Gay-Dagnogo Announces Launch of KRA Pilot Project

Grant funding will allow DPSCD to implement project to ensure children are well-prepared for kindergarten
Monday, March 25, 2019

DETROIT — State Rep. Sherry Gay-Dagnogo (D-Detroit) held a press conference last Friday alongside a number of educational administrators, community activists and area stakeholders to announce grant funding that would allow for the launch of a kindergarten readiness pilot project in the district. State Rep. Pamela Hornberger (R-Chesterfield Township), chair of the House Education Committee, Detroit Public School Community District (DPSCD) Superintendent Nikolai Vitti and Wayne County RESA Superintendent Randy Liepa were also in attendance.

“As a former educator and educational professional myself, I spent many years working on kindergarten readiness, including work through UCLA’s KRA programming,” said Rep. Gay-Dagnogo. “It is critical to be proactive when working to prepare our bright young minds, because it is far easier to equip them with the tools and knowledge they need before they set foot in a classroom than it is to try and remediate the problem when they arrive far behind their peers. I’m extremely excited to launch this pilot, as it will take a community-centered approach that recognizes whether or not we’re parents or even know students in the classroom, we all have something to gain by ensuring the next generation of thinkers, leaders, doctors, scientists and innovators are achieving their fullest potentials.”

“I was honored to join Rep. Gay-Dagnogo for the Michigan Reads Launch,” said Rep. Hornberger. “These wonderful community groups coming together to focus on students and their families will have a positive impact for generations. Programs like this need to be replicated throughout our state.”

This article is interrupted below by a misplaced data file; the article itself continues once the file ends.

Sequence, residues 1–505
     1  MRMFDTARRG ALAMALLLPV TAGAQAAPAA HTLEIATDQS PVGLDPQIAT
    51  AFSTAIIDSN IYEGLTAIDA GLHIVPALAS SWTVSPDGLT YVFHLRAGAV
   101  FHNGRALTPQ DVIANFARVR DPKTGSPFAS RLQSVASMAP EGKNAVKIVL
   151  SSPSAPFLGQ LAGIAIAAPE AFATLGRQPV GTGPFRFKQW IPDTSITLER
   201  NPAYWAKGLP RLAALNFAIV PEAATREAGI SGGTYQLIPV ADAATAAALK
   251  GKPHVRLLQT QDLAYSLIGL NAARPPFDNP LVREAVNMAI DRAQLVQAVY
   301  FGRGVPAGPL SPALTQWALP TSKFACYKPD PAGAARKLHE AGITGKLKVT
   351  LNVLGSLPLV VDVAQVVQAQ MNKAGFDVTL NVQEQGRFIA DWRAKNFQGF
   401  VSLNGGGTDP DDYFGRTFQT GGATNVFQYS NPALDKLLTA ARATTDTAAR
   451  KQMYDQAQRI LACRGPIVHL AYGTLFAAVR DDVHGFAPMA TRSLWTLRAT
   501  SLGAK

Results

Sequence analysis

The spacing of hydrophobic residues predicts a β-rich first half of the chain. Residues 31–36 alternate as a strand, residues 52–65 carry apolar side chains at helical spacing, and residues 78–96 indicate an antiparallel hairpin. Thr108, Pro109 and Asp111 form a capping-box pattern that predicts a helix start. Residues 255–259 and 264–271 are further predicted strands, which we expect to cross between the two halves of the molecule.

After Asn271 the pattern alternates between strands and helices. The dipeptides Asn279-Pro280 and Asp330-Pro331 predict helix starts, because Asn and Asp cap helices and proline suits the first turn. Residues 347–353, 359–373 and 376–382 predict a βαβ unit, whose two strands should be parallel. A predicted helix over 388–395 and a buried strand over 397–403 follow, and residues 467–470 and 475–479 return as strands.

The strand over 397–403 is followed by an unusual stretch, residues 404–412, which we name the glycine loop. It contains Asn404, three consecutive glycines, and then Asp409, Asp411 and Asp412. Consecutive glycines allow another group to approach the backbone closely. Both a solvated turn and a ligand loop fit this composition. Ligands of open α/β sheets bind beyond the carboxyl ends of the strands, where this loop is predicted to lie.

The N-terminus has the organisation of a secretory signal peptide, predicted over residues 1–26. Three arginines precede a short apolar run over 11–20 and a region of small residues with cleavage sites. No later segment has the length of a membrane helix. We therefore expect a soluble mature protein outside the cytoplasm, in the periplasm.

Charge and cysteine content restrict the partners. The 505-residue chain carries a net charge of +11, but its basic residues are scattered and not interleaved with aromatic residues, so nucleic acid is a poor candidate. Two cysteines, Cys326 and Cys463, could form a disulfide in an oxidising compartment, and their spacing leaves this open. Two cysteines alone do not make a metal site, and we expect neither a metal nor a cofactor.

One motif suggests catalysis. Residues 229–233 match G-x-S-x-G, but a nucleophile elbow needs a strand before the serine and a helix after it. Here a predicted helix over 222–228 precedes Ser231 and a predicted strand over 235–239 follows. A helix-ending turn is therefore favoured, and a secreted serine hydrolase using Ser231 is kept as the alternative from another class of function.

The pilot project will implement a community volunteer system to get simple information from the Great Start Collaborative with basic, clear action steps to families with children between the ages of 0-3. The volunteers, or “trusted messengers” will be trained to work with parents by meeting them in the community and providing information about science-tested best practices and opportunities for simple things parents can do to make a difference in their child’s development. The pilot project will be funded by a $250,000 grant from the Michigan Economic Development Corporation to pay for the messenger training, program coordinators and the educational materials parents will be provided with.

“When our Legislature unites around children, as demonstrated by the announcement of the Michigan Reads initiative, it is a key indicator that we are moving in the right direction—toward students first,” said Superintendent Vitti. “The need is great in Detroit and with this initiative we are moving one step closer to closing gaps that have existed for far too long.”

“We are so excited that this idea has become a reality through the state grant secured by Rep. Gay-Dagnogo,” said Superintendent Lipea. “Outreach to parents with young children, sharing with them simple, manageable things they can do with their children, will have them better prepared when they come to school.  This is an unmet need in our communities, and if we are successful, will make for a generation of stronger readers.”